First, laws vary from state to state to some degree and I note you are a resident of Arizona. Generally speaking, you may seek to sell the property to satisfy the mortgages and avoid foreclosure, and if there is negative equity you may attempt a short sale. You should consider seeking out the assistance of a realtor who has experience and certification in short sales. However, if that does not work out you may offer a deed in lieu of foreclosure, but with two mortgages that too is not likely to work. If foreclosure is started against you, get a lawyer! You have very important property interests that you must protect.
If foreclosure is granted, the lender will probably (state laws vary) have a right to obtain a deficiency judgment for the amount it did not recover. Once there is a money judgment issued against you, the creditor can and probably will seek to enforce it by filing a lien against your present home. If you can settle on the debt by making installment payment, or paying a lump sum in compromise, this too is an option.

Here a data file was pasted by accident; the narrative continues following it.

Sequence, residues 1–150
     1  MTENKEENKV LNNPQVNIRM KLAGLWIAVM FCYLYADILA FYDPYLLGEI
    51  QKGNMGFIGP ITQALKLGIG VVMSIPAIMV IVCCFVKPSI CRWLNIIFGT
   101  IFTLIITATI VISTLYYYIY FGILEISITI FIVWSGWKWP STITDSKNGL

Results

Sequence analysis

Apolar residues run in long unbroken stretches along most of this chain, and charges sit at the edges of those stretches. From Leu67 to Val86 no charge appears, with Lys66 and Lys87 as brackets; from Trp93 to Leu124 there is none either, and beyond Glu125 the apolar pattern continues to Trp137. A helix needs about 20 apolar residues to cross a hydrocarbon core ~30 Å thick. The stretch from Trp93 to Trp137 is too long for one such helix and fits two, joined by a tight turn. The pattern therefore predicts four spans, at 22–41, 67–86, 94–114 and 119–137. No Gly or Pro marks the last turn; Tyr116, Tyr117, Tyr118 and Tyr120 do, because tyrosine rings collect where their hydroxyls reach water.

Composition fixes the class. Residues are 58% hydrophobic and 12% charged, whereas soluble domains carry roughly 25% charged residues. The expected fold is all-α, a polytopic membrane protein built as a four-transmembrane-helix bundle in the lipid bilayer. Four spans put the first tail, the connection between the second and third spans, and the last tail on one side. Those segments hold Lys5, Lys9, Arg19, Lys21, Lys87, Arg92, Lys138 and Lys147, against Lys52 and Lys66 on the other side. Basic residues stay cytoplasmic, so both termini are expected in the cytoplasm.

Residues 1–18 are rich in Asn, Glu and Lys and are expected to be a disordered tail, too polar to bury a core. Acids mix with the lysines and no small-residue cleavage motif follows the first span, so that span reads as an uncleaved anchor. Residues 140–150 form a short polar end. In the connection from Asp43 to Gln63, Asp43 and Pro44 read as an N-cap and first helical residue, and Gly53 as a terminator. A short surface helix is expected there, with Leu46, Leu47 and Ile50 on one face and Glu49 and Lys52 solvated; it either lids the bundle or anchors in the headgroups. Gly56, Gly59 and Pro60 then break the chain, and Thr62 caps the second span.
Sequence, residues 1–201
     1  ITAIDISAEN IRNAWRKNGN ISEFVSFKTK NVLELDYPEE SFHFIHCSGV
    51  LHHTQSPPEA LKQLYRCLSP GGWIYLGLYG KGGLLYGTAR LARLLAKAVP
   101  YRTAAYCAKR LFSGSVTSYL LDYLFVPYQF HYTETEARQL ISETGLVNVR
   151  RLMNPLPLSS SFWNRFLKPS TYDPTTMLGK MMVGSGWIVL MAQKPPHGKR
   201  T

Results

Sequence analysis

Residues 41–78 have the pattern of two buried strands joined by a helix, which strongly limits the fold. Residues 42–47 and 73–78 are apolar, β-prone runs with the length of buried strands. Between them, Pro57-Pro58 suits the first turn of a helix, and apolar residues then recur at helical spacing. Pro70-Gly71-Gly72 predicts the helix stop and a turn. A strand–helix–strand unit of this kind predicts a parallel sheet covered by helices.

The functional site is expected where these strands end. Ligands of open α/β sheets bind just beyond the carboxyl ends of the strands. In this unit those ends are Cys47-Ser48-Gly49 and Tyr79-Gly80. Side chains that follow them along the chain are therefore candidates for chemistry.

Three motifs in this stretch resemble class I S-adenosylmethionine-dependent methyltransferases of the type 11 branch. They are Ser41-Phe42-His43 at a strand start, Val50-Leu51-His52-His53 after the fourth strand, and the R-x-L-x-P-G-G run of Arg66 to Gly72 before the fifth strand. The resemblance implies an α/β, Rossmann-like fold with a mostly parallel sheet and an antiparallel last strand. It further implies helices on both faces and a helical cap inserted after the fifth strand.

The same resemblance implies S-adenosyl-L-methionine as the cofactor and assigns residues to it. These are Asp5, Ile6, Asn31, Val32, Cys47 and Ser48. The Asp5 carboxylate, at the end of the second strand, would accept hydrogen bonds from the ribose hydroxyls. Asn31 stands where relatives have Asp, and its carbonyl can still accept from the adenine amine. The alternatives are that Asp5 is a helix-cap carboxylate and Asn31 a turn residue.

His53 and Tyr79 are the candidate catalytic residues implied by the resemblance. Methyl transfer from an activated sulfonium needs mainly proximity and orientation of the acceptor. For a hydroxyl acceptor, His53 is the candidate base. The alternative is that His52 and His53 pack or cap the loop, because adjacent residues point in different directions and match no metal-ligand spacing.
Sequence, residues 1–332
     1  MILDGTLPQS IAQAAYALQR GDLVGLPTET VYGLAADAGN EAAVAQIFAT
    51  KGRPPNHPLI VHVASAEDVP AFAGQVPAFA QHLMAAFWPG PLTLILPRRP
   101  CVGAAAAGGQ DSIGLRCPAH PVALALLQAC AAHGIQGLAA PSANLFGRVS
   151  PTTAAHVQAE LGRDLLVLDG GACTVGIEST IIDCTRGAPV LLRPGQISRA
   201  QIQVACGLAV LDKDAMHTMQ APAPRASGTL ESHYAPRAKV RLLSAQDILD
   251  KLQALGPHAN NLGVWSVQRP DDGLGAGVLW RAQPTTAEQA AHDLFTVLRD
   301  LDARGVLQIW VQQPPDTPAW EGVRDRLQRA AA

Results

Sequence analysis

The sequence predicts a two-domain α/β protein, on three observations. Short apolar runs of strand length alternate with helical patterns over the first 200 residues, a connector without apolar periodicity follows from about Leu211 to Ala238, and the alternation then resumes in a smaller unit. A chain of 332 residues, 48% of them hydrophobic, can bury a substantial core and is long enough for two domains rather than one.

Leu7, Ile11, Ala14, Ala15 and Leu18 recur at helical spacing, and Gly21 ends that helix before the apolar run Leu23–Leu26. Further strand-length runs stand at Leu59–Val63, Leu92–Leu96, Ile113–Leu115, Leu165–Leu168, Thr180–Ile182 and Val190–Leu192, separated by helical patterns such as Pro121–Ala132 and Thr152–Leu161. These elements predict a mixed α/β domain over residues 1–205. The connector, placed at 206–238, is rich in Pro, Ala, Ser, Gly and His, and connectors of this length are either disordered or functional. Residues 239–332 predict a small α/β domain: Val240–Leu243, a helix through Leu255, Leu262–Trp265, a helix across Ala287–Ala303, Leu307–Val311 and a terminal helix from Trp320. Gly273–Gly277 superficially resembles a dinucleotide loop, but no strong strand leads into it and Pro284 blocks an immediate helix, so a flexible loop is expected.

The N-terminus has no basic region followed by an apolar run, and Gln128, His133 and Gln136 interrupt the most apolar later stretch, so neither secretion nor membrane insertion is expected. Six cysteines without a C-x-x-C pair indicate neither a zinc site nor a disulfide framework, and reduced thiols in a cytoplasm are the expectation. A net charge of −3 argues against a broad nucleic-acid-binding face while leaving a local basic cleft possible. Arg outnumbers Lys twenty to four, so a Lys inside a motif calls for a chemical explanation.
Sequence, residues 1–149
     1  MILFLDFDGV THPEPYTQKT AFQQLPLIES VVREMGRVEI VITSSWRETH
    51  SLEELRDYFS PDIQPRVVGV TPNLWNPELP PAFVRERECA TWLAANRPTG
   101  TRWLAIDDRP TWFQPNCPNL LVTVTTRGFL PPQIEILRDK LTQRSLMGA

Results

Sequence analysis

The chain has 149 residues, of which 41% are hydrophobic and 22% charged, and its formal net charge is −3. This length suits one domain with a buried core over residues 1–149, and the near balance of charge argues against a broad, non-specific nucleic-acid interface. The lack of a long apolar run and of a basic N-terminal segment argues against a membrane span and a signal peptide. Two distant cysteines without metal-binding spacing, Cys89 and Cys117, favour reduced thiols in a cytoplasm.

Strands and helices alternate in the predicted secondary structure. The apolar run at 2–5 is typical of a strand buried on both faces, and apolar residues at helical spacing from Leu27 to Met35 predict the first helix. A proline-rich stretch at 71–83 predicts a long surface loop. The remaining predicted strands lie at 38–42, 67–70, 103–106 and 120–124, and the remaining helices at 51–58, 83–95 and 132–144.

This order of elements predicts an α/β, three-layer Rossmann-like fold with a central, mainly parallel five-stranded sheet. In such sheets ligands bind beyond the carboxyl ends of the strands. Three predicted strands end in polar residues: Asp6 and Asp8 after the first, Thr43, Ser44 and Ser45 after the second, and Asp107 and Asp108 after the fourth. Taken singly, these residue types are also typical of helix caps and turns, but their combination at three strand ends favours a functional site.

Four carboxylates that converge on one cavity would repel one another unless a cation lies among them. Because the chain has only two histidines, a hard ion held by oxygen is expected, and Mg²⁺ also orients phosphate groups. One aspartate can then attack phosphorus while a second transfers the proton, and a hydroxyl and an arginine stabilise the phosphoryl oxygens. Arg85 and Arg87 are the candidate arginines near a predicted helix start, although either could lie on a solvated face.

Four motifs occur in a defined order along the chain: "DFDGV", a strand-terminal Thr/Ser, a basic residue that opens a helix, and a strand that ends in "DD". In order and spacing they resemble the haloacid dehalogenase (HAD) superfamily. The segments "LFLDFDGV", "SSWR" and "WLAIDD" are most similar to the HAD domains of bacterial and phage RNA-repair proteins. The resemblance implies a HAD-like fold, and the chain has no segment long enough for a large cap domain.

You may want to consider filing for bankruptcy if other options do not work out for you, but be sure that you do not have excessive equity in your present home before considering this option. There's Chapter 13 bankruptcy if you have substantial equity in your present home.
The lenders on the first property cannot get satisfaction from your other properties. Your options on the first property are foreclosure or short sale. Depending on who you talk to, short sale may or may not be easier on your credit than foreclosure. As long as the first property is under 2 1/2 acres, duplex or smaller, and used for residential purposes, the lender cannot get deficiency from you on the first in Arizona. (However, talk to your CPA about possible IRS treatments of the deficiency.) As to the second, there are too many possible variations to discuss here: recommend seeing a lawyer.